Real ops talking to future ops

Dave CROCKER dhc2 at dcrocker.net
Tue Aug 24 10:11:21 CDT 2010


On 8/23/2010 6:39 PM, John Kristoff wrote:
> A few classes ago I had a student tell me they had an instructor spend
> two full classes (out of 10) on Token Ring.

There's a serious need to cover such a construct, but also to introduce it in 
the context of modern systems:

      Probably none of what is sold today as ethernet is actually the original 
ethernet protocol or even close to it.

      What is sold today is a the ethernet *interface* and some other protocol 
under it.

This difference between the interface and the infrastructure under it that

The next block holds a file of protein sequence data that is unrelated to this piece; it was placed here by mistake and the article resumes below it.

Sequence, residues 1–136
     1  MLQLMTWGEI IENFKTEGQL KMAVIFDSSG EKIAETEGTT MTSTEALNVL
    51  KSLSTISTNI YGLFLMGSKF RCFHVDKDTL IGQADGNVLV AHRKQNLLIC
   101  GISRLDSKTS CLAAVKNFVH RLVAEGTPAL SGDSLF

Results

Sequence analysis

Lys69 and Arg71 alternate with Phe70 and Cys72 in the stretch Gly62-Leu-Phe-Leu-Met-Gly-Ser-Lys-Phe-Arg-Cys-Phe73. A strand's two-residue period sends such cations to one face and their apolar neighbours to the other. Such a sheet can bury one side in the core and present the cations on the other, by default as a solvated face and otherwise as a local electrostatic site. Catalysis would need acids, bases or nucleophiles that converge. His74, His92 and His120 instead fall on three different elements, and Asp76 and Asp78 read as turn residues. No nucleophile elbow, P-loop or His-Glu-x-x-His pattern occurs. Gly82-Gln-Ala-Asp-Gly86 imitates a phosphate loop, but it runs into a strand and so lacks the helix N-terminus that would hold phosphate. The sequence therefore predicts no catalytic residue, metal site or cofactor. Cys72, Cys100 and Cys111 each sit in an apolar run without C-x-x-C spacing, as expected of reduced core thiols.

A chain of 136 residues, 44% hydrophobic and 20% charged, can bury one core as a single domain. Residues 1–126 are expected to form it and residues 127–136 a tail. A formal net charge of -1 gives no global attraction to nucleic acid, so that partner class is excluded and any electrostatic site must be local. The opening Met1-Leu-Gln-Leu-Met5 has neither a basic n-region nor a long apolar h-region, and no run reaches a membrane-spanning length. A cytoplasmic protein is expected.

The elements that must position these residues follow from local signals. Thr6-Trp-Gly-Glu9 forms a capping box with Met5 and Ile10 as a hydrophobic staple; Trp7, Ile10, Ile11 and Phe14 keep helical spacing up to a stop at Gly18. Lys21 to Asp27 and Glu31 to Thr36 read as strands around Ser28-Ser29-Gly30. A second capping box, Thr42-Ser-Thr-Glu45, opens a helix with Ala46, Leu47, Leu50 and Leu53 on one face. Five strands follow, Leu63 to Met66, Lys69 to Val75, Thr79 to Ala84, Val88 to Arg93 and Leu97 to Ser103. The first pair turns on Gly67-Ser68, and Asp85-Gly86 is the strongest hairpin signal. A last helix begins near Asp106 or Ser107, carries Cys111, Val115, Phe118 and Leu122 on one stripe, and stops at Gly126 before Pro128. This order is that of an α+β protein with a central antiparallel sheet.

provides service to it is a fundamental construct that is often missed. 
Standardized interfaces let technology adapt underneath it.

So, for example, IBM published the API for netbios, without publishing the 
protocol.  That let some of us build alternative protocols that satisfied the 
API but ran over TCP.  (See RFC 1001, 1002 for the standardized version.)

Much of what is sold today as ethernet has a protocol under it that is 
contention-free.  The different Token Ring schemes provide that in a distributed 
manner.[1]

d/

[1] Though my own focus was on email, my CS prof was Dave Farber, so I had to 
absorb more about TR than I would have wanted.  One of the interesting metricts 
for TR is delay-time per node.  The Irvine Ring introduced one bit-time delay. 
Scaled great. The IBM TR introduced one full packet-time.  Didn't scale well.

-- 

   Dave Crocker
   Brandenburg InternetWorking
   bbiw.net




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